Profile: Rajendra Pachauri
A mistake about glaciers does not negate climate change nor provide an opportunity to demonise scientists because of one error in 3000 pages of evidence. This from Dr Rajendra Pachauri, chairman of the Intergovernmental Panel on Climate Change.
Dr Rajendra Pachauri, chairman of the Intergovernmental Panel on Climate Change in The Guardian (30 March 2010):
To dismiss the implications of climate change based on an error about the rate at which Himalayan glaciers are melting is an act of astonishing intellectual legerdemain. Yet this is what some doubters of climate change are claiming. The reality is that our understanding of climate change is based on a vast and remarkably sound body of science – and is something we distort and trivialise at our peril.
The Intergovernmental Panel on Climate Change (IPCC) has published four comprehensive assessments of climate change and several important special reports since its founding in 1988. The last such document, the fourth assessment report from 2007, mobilised 450 scientists from all over the world. An additional 800 contributing authors gave specialised inputs and about 2500 expert reviewers provided 90,000 comments.
In this mammoth task, which yielded a finished product of nearly 3000 pages, there was a regrettable error indicating the Himalayan glaciers were likely to melt by the year 2035. This mistake has been acknowledged by the IPCC. Learning from this error, the panel has requested, in tandem with the United Nations Secretary-General, an independent review of its procedures and practices by the InterAcademy Council (formed by the world’s science academies to advise international bodies, such as the United Nations and the World Bank).
The review was requested in part so that the possibility of similar errors can be eliminated as much as is humanly possible.
It is important, however, to understand that irrespective of the error on Himalayan glaciers and a few other questions about some specific wording in the fourth report, the major thrust of its findings provides overwhelming evidence that warming of the climate system is unequivocal. To quote the report: ”Most of the observed increase in globally averaged temperatures since the mid-20th century is very likely due to the observed increase in anthropogenic greenhouse gas concentrations.”
As inhabitants of planet Earth, our lives depend on a stable climate, and it is our responsibility to ensure that future generations do not suffer the consequences of climate change.
We cannot ignore the fact that the impacts of climate change – which are based on actual observations – are, as the fourth report makes clear, leading to ”increases in global average air and ocean temperatures, widespread melting of snow and ice and rising global sea levels”.
An increasing number of researchers, and some official investigations by intelligence agencies, now point to the security implications of climate change.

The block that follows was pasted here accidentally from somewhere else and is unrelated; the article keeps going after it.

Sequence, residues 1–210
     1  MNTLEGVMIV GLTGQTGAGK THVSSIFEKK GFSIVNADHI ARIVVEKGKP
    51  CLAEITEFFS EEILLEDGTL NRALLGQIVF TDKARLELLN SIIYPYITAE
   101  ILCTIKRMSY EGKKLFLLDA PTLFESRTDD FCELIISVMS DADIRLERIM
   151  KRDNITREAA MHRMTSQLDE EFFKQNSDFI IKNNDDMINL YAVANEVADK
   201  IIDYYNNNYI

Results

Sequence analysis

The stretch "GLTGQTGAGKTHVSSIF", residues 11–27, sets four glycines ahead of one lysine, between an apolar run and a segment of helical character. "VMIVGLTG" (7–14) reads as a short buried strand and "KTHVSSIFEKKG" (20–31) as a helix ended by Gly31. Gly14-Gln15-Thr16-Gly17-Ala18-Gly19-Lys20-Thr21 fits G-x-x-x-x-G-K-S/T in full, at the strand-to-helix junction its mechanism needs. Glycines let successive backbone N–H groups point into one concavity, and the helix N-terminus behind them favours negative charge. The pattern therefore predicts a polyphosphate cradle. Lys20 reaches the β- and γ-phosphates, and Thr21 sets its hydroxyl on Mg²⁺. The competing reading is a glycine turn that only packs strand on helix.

If we do not carry out adequate mitigation and adopt sustainable development practices, global emissions of greenhouse gases will continue to increase, and their continuation at or above current rates will cause further warming and changes in the global climate system during the 21st century that will very likely be larger than those observed during the 20th century.
Altered frequencies and intensities of extreme weather, together with sea level rise, are expected to have mostly adverse effects on natural and human systems.
Even more serious is the finding that human-induced warming could lead to some impacts that are abrupt or irreversible. For instance, partial loss of ice sheets on polar land could imply metres of sea level rise, major changes in coastlines and inundation of low-lying areas, with the greatest effects in river deltas and on low-lying islands.
Human society has some critical choices. It is to be expected that some of these would pose challenges for some stakeholders and sectors of the economy. But to ignore the IPCC’s scientific findings would lead to impacts that impose larger costs than those required today to stabilise the Earth’s climate.
Thousands of scientists from across the world have worked diligently to provide scientific evidence for action to meet the growing challenge of climate change. To obscure this reality through misplaced emphasis on an error in a nearly 3000-page, rigorous document would be unfortunate.
Even more unfortunate is the effort of some in positions of power and responsibility to indict dedicated scientists as ”climate criminals” (as called for by US senator and long-standing climate sceptic James Inhofe).
I sincerely hope the world is not witnessing a new form of persecution of those who defy conventional ignorance and pay a terrible price for their scientifically valid beliefs.
The IPCC will continue to learn from experience, including criticism of its work. Thankfully, with inputs from thousands of respected scientists, world governments and now the InterAcademy Council, the panel is in a better position than ever to provide a robust and reliable scientific basis for tackling climate change.